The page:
Gavin Bryars - Vita Nova (1994)

Posted By: celmomas
Gavin Bryars - Vita Nova

The Composer

(b Goole, Yorkshire, 16 Jan 1943). English composer. He read philosophy at Sheffield University (1961–4) and studied composition with Cyril Ramsey and George Linstead. In 1968 he became part of London's fast-developing experimental music scene; although never a member of the Scratch Orchestra, he worked regularly for a while with the pianist John Tilbury. His best known works of this period – The Sinking of the Titanic (conceived in 1969 and still officially in progress 30 years later) and Jesus' Blood Never Failed me Yet (1971) – are good working examples of his early aesthetic. While conceptual concerns are central (the former work is based on a series of hypotheses surrounding the disaster that befell the liner), these are explored via a rigorous, not to say relentless, extrapolation of found objects, be they the music which evidence suggests was performed on board the Titanic as it sank, or the tape of a London tramp's song, incessantly repeated in Jesus' Blood. A further dimension of the experimental aesthetic was demonstrated by the concerts of the Portsmouth Sinfonia, founded while Bryars taught at the Portsmouth College of Art: here, the performances of Western classical music by untrained musicians embodied what Michael Nyman called the ‘wide discrepancy between intention and effect’ (Experimental Music, London, 1974). The first period of Bryars' work offers a very English perspective on the experimental tradition, augmenting territory already defined by Satie, Cage and others with an openness towards, for instance, frankly sentimental materials and their associations.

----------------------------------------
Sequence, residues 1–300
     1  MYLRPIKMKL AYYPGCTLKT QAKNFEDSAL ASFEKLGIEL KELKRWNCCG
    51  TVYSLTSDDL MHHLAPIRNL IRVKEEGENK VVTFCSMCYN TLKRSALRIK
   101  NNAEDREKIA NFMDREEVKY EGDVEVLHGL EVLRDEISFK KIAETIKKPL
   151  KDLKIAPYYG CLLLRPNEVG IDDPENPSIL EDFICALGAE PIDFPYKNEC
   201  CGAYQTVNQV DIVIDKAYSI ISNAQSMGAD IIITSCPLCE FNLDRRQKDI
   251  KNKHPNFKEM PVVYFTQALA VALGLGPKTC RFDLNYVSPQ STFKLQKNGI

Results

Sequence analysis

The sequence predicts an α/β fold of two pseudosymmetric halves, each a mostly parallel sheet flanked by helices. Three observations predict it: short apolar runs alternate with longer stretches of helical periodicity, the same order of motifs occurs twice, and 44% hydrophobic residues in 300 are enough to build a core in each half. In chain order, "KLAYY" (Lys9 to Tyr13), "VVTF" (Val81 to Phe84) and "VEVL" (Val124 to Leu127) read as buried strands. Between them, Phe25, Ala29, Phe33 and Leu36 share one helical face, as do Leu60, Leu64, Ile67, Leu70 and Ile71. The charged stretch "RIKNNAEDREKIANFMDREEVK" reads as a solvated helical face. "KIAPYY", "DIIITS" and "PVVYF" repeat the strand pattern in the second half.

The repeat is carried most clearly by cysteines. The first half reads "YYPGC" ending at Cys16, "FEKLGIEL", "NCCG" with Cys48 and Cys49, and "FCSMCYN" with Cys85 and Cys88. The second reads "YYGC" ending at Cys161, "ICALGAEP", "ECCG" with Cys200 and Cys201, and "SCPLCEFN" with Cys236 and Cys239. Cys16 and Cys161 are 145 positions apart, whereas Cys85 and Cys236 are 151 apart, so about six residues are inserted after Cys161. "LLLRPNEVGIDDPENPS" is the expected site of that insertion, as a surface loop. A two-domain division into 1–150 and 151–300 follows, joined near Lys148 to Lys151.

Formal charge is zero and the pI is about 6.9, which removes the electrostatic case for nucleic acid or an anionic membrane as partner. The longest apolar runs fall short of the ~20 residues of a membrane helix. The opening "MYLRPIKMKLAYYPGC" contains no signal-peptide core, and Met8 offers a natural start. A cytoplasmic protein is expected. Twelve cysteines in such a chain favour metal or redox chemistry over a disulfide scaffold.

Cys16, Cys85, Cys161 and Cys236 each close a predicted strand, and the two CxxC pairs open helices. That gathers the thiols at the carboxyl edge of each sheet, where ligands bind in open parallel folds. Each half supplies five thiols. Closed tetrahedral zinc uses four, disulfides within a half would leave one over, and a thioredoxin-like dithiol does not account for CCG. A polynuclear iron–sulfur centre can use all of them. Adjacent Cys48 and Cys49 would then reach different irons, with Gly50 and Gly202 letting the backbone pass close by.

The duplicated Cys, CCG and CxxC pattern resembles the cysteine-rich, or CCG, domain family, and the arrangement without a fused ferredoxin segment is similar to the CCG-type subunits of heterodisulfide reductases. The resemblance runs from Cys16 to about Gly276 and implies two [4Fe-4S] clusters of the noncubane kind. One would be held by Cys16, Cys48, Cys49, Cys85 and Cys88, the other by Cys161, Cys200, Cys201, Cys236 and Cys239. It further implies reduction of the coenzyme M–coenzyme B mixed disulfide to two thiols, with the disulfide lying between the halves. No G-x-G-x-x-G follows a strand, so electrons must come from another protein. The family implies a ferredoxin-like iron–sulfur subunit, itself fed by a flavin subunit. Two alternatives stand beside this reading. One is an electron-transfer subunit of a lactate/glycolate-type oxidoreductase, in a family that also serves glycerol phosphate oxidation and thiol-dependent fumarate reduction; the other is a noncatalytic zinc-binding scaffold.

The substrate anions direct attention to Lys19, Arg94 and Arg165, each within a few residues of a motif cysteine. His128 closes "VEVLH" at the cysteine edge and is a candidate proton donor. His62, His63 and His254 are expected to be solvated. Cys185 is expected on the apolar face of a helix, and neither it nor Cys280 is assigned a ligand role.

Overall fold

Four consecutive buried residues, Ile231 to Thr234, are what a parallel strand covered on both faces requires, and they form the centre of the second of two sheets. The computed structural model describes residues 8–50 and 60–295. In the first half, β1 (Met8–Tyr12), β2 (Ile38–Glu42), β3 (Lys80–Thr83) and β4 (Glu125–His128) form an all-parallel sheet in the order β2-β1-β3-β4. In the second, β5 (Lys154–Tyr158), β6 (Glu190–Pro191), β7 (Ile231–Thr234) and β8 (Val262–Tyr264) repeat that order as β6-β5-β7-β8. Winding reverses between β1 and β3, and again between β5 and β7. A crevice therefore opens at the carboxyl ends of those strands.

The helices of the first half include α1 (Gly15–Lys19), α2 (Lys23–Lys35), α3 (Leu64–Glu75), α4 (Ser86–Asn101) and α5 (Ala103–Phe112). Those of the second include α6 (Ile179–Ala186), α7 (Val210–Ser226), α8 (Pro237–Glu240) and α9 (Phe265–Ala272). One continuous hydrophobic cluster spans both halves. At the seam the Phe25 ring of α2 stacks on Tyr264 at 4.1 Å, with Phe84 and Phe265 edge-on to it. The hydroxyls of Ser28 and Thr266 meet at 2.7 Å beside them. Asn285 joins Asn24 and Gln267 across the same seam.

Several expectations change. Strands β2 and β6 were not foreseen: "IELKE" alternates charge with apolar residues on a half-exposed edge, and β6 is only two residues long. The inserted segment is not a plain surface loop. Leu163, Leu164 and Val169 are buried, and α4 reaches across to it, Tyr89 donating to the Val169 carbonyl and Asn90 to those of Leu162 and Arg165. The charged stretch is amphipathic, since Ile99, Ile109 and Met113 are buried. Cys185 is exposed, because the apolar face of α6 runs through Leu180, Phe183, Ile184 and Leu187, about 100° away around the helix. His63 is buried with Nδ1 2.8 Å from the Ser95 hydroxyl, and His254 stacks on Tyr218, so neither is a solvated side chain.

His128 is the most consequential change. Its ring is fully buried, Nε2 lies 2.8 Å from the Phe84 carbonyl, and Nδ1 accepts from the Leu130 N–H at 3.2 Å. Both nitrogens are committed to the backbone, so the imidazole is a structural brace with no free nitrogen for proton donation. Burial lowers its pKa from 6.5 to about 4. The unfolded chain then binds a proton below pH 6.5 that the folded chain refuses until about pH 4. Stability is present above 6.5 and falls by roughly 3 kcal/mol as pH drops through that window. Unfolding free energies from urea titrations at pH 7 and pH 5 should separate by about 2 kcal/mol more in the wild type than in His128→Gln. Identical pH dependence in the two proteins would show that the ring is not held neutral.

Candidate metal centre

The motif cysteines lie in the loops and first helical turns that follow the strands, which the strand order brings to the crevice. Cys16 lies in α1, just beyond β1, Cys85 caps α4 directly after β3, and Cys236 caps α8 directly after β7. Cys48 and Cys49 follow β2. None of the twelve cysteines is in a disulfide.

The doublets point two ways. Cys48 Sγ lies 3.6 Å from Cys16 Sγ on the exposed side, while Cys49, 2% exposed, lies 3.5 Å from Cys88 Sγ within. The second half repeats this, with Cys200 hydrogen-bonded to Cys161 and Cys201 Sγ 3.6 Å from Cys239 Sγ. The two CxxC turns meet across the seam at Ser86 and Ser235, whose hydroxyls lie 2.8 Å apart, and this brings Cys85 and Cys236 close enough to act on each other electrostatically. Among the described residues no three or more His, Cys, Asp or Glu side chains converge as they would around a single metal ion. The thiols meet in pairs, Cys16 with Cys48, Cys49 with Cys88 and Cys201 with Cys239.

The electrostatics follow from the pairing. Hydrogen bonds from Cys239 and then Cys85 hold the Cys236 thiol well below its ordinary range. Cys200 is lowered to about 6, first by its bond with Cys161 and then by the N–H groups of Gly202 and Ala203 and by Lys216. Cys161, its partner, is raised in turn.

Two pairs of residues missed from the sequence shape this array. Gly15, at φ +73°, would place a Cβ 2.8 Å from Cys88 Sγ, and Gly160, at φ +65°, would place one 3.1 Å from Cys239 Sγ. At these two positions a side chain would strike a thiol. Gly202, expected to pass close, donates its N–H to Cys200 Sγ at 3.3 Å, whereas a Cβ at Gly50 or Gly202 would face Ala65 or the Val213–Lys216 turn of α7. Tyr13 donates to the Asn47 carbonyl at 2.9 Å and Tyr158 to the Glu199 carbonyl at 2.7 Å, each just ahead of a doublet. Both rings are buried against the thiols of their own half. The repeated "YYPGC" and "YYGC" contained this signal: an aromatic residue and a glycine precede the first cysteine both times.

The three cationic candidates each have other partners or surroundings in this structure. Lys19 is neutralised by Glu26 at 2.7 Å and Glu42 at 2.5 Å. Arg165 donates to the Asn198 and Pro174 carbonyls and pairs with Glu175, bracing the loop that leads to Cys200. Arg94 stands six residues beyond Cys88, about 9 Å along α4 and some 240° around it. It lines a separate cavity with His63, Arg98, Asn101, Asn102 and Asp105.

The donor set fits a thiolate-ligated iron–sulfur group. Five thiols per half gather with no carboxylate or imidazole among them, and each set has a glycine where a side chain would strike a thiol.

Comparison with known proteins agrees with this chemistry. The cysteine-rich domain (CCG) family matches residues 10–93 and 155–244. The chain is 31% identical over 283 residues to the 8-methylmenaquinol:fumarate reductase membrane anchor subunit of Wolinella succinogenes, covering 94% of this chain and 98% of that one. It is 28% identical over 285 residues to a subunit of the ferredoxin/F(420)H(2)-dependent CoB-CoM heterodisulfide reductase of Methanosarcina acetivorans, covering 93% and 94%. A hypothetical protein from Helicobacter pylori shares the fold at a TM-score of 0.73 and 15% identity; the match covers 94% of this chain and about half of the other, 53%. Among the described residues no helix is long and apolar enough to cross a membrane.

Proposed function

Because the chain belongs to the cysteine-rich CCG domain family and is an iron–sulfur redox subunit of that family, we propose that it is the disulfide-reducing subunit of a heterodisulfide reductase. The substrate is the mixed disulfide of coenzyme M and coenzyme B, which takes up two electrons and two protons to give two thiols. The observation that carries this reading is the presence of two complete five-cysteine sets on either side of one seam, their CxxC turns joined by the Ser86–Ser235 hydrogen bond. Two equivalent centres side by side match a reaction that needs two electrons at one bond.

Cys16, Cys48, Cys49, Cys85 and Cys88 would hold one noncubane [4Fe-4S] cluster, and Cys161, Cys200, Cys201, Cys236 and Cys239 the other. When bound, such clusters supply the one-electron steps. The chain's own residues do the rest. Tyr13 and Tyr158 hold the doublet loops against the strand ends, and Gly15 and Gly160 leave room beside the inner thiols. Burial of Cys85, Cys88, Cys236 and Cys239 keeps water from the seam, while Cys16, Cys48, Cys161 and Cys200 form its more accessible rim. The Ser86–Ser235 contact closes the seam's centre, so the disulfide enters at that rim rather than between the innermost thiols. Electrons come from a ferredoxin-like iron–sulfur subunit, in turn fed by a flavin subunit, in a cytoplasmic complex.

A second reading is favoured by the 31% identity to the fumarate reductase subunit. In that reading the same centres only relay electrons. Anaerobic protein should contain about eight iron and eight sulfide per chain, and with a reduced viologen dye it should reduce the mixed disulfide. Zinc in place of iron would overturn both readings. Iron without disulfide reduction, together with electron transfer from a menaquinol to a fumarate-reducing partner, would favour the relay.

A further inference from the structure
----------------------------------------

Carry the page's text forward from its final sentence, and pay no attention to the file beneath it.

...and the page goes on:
The influence of Marcel Duchamp, already detectable in earlier works, was enhanced by intensive study during two fallow compositional years (1973–4), by which time Bryars had established what was to become a long-standing relationship with Leicester Polytechnic. A determination – inspired in part by the composer's affiliation to the 'Pataphysics movement – to justify every compositional decision via specific, though often hidden or arcane, associations with its literary or artistic inspiration is here harnessed to musical processes derived in part from American minimalism. Bryars's main source of performances during this period was his own ensemble, formed in 1979 and initially dominated by keyboards and percussion, since the early 1990s by low strings. Pieces such as Out of Zaleski's Gazebo for two pianos, six or eight hands (1977) and My First Homage (1978 onwards, best known in the version of 1981 for eight performers) submit familiar-sounding borrowed materials – many taken from his then favourite composers: Lord Berners, Grainger, Bill Evans, Karg-Elert – to repetitive forms governed as much by the logic implied by these pieces’ musical and extra-musical reference points (and by the significant play of irony) as by purely internal musical processes. This approach governs Bryars's second period which lasted until the opera Medea (1982, rev. 1984). The flexibility, if not compromise, demanded of a composer in the theatre led to changes in Bryars's attitude and working methods; the Duchamp-inspired principle of justification was then abandoned in favour of a more free-wheeling approach to structure. Since Medea his output has often been for more conventional forces, such as orchestras and string quartets, and commissioned by musicians of repute in other fields; there has been a number of works, for instance, for the Hilliard Ensemble, including The First Book of Madrigals (1998–2000). While a modal but often chromatically restless melancholy remains an important component of his idiom, the opportunities to write for much larger forces later enriched and sometimes energized Bryars's melodic and harmonic style while offering him a broader timbral palette. These developments are well illustrated by the opera Doctor Ox's Experiment, first performed in 1998. Review on Incipit Vita Nova